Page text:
Life & CultureNew Rules to Redefine ‘Treasure’ could Help UK Museums

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In an effort to give museums a better chance of acquiring historic items before they disappear into private hands, the government has announced plans to expand the definition of ‘treasure’.

At present, those who find items at least 300 years old made substantially of gold and silver, or which are found with artefacts of precious metals, have a legal obligation to report to a coroner within 14 days. If the object is deemed to be treasure, the Treasure Valuation Committee decides how much the artefact is worth and who is entitled to it.

In a scheme administered by the British Museum, the Treasure Act 1996 was put into place to give museums an opportunity to buy these items first, at market rates. However, in 2017 there were 1,267 archaeological finds in Britain and only a few ended up in museums.

The government has now announced plans to widen the definition to include any finds with a value over £10,000.

A significant Roman helmet

The plans come years after a spectacular Roman helmet was discovered by an amateur metal detectorist in Cumbria, 2010. The Crosby Garrett helmet—one of the most impressive Roman artefacts ever found in Britain—did not fit the legal definition of treasure as it was made of copper.

Consequently, museums did not get the first opportunity to buy it and the item was sold at Christies for £2.3 million to an unknown private buyer.

The event was described as a ‘real blow’ by the local Tuille House museum, which had collected scores of small donations in a desperate but futile attempt to keep the helmet in Cumbria on public display.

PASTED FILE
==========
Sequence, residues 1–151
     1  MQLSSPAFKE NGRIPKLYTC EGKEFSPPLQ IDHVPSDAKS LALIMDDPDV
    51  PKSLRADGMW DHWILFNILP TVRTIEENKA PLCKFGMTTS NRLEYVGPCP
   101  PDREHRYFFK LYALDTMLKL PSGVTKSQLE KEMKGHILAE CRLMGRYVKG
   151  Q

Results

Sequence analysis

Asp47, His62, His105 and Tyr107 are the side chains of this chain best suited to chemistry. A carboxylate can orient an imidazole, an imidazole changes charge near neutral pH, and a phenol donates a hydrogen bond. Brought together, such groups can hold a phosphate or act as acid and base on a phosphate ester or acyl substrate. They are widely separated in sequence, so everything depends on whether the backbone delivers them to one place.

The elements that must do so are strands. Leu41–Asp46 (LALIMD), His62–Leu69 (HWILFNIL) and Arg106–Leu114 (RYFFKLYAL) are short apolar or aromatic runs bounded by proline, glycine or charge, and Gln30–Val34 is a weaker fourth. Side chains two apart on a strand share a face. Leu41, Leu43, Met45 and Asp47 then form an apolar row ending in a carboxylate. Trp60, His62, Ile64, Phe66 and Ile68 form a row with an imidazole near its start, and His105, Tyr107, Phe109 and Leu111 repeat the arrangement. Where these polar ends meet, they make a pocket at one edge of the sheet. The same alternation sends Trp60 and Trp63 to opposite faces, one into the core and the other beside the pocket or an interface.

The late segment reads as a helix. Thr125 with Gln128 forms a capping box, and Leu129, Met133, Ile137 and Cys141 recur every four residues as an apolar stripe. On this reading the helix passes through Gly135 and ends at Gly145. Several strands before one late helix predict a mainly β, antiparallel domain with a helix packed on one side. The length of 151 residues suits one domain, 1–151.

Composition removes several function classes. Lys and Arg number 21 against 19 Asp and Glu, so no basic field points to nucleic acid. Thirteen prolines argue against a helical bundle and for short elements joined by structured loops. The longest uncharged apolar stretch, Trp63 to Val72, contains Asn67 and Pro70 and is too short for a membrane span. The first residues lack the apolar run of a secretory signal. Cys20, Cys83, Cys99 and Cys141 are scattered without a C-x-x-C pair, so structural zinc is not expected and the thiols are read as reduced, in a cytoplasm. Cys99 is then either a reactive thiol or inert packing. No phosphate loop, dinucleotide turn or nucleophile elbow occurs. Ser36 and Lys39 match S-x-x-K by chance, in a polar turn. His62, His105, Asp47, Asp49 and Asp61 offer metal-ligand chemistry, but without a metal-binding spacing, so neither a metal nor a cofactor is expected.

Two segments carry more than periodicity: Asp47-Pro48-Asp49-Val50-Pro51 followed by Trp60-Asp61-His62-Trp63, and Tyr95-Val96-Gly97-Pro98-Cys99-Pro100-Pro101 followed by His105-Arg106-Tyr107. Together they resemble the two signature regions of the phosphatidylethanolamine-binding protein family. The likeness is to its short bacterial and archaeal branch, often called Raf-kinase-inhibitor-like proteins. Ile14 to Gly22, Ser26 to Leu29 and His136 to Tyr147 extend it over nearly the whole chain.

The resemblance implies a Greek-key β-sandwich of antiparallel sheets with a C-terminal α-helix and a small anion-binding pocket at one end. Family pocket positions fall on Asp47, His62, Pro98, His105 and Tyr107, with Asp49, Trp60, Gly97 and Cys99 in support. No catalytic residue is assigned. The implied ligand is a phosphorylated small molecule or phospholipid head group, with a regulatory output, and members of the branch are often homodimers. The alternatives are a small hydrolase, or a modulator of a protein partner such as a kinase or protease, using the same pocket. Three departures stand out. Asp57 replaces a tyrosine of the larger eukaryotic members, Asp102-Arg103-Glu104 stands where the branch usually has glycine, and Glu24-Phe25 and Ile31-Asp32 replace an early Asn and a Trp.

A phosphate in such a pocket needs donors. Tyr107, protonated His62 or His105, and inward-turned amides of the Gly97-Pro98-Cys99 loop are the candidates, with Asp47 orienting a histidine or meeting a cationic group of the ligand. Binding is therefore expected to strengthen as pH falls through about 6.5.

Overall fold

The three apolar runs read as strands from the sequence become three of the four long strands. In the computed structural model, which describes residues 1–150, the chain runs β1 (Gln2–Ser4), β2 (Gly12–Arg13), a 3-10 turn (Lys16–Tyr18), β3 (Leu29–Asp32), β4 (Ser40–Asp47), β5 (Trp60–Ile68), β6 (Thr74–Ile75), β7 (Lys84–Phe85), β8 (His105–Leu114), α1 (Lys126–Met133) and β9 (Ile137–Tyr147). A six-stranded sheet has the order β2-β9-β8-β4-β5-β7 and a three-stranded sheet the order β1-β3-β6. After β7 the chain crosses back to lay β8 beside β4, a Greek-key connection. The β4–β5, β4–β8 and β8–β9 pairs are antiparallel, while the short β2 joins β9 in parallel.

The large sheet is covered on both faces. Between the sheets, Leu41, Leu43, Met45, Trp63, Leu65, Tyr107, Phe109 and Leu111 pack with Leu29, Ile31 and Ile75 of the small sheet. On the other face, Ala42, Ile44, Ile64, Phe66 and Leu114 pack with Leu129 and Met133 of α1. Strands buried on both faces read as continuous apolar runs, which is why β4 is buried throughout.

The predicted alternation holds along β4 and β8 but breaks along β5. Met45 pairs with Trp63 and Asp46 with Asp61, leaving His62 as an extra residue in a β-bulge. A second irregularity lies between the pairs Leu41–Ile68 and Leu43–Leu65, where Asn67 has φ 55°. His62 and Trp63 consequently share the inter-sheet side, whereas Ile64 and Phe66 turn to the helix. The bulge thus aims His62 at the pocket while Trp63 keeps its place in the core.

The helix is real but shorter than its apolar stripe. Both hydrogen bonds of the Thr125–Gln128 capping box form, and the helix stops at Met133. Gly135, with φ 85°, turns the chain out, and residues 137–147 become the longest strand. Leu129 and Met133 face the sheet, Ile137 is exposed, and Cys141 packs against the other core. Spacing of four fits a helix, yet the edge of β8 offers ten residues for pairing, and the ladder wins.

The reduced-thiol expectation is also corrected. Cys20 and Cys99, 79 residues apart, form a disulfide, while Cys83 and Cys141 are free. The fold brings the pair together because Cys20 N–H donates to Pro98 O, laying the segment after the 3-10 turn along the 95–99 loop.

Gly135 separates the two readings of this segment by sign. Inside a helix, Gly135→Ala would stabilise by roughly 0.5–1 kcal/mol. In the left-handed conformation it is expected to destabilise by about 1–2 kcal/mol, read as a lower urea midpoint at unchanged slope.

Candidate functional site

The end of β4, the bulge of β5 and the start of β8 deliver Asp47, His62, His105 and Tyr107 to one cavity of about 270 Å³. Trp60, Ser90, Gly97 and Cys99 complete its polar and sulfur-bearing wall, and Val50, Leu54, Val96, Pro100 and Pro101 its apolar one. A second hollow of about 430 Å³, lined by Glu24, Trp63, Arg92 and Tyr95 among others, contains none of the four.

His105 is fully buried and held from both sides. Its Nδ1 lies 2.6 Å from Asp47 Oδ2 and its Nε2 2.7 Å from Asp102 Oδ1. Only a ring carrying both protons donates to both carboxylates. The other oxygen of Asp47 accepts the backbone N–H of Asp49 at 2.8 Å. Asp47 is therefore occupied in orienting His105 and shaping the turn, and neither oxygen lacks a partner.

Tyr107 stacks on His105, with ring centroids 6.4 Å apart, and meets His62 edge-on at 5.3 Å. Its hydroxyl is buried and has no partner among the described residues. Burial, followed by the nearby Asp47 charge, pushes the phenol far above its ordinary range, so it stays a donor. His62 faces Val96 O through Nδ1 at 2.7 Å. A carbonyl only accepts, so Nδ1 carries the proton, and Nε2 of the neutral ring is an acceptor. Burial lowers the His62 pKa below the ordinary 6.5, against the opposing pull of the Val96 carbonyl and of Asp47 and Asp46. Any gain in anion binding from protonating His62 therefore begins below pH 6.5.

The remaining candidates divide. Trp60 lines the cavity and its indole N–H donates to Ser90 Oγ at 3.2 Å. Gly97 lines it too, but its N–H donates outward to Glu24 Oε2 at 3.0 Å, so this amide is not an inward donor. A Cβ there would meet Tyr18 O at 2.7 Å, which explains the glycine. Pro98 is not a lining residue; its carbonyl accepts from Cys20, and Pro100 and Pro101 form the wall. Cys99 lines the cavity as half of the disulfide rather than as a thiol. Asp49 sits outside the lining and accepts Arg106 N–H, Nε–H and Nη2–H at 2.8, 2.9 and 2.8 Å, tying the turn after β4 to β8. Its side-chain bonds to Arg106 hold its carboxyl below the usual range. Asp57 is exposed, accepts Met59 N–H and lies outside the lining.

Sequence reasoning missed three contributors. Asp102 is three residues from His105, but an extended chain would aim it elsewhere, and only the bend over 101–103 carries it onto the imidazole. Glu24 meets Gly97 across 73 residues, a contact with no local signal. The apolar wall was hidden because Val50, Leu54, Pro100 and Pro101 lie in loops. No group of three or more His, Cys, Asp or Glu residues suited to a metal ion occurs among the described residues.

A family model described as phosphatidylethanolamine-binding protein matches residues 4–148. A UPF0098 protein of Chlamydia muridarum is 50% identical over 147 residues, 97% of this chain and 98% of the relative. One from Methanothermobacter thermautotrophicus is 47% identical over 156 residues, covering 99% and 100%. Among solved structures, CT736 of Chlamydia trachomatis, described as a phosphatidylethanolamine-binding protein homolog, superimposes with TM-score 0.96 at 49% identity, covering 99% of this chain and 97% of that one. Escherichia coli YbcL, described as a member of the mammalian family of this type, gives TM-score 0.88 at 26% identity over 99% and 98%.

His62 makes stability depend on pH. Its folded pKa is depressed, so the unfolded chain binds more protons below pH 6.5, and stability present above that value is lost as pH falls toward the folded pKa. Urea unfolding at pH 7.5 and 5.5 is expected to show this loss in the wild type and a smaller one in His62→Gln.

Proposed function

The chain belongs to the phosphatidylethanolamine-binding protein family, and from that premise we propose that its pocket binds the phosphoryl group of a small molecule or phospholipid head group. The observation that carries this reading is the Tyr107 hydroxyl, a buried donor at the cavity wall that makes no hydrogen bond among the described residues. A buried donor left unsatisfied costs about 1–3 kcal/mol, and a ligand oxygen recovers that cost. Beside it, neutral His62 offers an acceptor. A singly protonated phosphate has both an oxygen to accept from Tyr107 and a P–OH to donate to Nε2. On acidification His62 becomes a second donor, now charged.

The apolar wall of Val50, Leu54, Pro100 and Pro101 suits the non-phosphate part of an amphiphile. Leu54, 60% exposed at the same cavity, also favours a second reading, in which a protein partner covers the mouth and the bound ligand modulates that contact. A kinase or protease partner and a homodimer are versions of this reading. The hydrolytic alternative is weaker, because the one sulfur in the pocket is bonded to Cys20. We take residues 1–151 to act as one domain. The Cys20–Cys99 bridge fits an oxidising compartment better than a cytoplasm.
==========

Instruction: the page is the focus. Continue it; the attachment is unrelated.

Help for museums

Dozens of nationally important finds are thought to be lost to private buyers each year, with finders under no obligations to report their discoveries. The plans to appeal these rules will be open to public consultation until 30 April 2019.

Upon making the announcement, the heritage minister, Michael Ellis, said: ‘These new proposals will help our museums acquire these treasures and make it harder for nationally important finds to be sold for profit.’

Michael Lewis, head of the portable antiquities scheme at the British Museum, welcomed the proposed changes, saying: ‘Archaeologists have been keen for this to happen for some time, and from our perspective it’s a very positive thing.

‘In the case of the Crosby Garrett helmet, for instance, the finder did tell us about it, but ultimately it’s not in a museum collection—it’s in private hands. If you or I wanted to go and see it, we can’t, and that’s a loss to our national heritage.’

Andrew Mackay, director of Tullie House, added: ‘It would have been fantastic to have allowed the public to access the helmet but ultimately it didn’t have the right gold or silver content. We welcome the news about the change in the act and hope this will ensure more national heritage can be secured for the public to enjoy.’

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